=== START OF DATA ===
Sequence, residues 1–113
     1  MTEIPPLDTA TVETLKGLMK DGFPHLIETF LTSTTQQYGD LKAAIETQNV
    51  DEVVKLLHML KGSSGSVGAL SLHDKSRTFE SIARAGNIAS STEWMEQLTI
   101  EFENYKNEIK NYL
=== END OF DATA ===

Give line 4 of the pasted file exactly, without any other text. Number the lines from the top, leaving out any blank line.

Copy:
   101  EFENYKNEIK NYL